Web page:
What the “Westworld” season premiere can teach us about the future of AI
If I could be anything in the world, I’d probably become a pop culture writer.
One of my favorite shows on HBO is Westworld. If you haven’t seen it, the premise is that people in the future can visit a theme park where they interact with robots who look and act just like humans.
Spoilers ahead: proceed with caution.
The end of season two left us with Dolores escaping the park, and, in the post-credits scene, she and Bernard both make it out.
What we know from season three trailers and teasers is that the action takes place a few months after the previous episode’s, god forbid there be a second timeline.
In the cold open, a smart home, straight out of an episode of Black Mirror, isn’t so smart after all. Dolores is able to hack it, which prevents the house’s owner from commanding it to stop her (sound familiar?).
The big plot line introduced is that Dolores is trying to get information about a company called Incite by cozying up to the son of its founder, who, might I add, is played by Spring Awakening‘s John Gallagher Jr. We’re not sure what exactly Dolores wants with Incite, but I’ll take a wild guess and say it can’t be too good.
We learn Incite has something, called “The System,” which has harnessed the power of lots of data. It seems to be something like the Cradle from season two, but bigger. Its predictive technology can identify how someone’s future will play out. Again, this relates back to the conversation Dolores and Bernard have with Logan, who is at that point a representation of all the Cradle’s information. Logan says people, like hosts, are essentially just playing a part that’s been written for them.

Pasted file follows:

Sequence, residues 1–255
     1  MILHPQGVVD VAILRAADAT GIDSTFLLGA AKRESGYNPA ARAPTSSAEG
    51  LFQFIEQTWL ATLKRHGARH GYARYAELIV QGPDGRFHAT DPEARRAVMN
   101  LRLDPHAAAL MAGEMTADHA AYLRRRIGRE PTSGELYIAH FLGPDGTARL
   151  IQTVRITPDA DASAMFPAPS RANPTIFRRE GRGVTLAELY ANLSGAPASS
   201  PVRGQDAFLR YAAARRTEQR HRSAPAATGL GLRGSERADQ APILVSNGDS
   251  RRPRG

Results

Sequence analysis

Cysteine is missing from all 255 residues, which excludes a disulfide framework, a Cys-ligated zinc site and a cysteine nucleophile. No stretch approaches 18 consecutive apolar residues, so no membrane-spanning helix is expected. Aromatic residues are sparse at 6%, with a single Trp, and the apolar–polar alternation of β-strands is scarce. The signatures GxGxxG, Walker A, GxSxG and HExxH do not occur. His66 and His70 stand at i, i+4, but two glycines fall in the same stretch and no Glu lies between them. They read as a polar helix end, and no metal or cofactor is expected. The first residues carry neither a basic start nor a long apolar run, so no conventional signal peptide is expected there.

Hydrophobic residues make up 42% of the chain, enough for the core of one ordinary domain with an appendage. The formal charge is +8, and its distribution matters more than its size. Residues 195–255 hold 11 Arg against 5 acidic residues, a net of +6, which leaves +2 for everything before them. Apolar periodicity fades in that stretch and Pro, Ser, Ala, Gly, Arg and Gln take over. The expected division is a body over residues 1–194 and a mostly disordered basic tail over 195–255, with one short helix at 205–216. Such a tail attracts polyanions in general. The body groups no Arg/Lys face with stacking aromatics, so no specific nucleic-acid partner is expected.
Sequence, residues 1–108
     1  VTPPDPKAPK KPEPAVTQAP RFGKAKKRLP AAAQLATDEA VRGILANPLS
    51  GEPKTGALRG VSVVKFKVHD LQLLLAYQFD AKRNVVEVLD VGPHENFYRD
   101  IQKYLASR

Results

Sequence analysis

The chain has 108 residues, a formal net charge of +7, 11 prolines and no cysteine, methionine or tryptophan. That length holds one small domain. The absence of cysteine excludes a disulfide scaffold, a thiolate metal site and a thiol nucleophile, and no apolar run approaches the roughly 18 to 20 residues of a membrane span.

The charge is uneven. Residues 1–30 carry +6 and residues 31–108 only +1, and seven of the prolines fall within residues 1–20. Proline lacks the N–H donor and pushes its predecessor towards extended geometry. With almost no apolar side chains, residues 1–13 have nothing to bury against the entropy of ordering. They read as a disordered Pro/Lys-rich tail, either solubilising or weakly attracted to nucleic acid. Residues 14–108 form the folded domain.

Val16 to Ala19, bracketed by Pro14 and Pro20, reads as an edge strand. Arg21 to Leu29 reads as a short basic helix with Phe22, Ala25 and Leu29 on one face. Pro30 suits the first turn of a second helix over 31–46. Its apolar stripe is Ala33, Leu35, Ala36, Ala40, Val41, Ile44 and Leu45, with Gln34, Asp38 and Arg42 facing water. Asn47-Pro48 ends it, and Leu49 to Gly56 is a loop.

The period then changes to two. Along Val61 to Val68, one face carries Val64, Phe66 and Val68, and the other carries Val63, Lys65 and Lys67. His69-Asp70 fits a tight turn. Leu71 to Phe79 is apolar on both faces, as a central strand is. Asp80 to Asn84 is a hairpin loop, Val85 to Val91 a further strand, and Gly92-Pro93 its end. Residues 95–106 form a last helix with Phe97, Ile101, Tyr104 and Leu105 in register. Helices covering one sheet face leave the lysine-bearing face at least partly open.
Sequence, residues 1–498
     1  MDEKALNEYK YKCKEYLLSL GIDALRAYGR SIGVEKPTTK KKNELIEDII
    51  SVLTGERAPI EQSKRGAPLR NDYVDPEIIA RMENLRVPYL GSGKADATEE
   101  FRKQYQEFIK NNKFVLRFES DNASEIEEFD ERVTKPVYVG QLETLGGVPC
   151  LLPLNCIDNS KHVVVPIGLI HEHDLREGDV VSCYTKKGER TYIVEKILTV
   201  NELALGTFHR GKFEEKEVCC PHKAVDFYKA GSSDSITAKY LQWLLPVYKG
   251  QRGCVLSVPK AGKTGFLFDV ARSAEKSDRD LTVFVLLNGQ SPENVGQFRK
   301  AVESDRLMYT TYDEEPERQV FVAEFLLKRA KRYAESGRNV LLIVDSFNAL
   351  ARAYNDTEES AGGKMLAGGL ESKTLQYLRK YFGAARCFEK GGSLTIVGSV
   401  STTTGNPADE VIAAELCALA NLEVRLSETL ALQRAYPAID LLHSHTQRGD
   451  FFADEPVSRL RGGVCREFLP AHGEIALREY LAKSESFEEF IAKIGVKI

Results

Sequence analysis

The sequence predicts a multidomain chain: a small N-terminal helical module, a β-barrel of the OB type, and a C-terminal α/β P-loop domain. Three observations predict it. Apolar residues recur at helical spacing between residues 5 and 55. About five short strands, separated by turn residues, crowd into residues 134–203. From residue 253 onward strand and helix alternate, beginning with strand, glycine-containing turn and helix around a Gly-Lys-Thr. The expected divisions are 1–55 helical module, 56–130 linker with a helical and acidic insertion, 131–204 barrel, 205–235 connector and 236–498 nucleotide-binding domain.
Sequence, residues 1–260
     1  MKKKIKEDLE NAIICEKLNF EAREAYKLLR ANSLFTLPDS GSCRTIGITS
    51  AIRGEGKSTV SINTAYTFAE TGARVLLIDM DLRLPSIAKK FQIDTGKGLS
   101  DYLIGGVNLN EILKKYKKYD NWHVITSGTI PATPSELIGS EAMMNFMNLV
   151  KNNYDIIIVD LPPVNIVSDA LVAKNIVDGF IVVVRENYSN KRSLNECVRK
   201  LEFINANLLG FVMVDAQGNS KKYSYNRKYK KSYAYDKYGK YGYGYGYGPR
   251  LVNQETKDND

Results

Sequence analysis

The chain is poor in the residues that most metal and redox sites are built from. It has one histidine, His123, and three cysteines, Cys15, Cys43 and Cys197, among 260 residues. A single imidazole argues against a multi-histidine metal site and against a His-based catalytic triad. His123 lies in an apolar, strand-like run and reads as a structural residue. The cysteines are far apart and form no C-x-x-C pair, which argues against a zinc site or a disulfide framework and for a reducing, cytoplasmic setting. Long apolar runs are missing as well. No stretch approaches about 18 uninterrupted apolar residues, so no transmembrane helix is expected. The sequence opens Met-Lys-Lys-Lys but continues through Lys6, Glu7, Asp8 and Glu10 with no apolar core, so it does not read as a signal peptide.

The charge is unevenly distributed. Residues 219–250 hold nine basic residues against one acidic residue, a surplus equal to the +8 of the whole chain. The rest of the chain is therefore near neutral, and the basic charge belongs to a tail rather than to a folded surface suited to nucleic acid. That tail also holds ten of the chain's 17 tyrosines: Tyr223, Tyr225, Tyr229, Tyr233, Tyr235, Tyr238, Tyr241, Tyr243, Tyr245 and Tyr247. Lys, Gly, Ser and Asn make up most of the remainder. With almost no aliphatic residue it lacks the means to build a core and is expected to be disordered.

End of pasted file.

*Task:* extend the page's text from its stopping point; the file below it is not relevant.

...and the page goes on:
One feature of The System is its ability to place people in jobs based on who has the most potential. In a world where LinkedIn can suggest jobs for you based on the skills listed on your profile, I’d say this prediction isn’t so much of a stretch.
If The System thinks you’re S.O.L., then you’re S.O.L. One victim of its algorithm is driven to, what I was quite amused by, the Uber-esque app, called RICO, that allows our newest protagonist, a war veteran named Caleb, to pick up lucrative crime jobs. It’s gig economy meets dark web. RICO runs Caleb straight into the arms of our girl Dolores (actually, she collapses into his arms), after she faces off against an Incite exec who suspects she’s up to something.
Caleb also uses a phone therapist with the voice of his deceased best friend. We have therapy chat bots now, and with enough previous conversations to analyze, the bot could probably sound like our friends, too. He does suspend his use of the service toward the end of the episode, so clearly, something wasn’t working out.
Perhaps the show’s brazen attempts to illustrate the country 30 years into the future was not too off-base after all.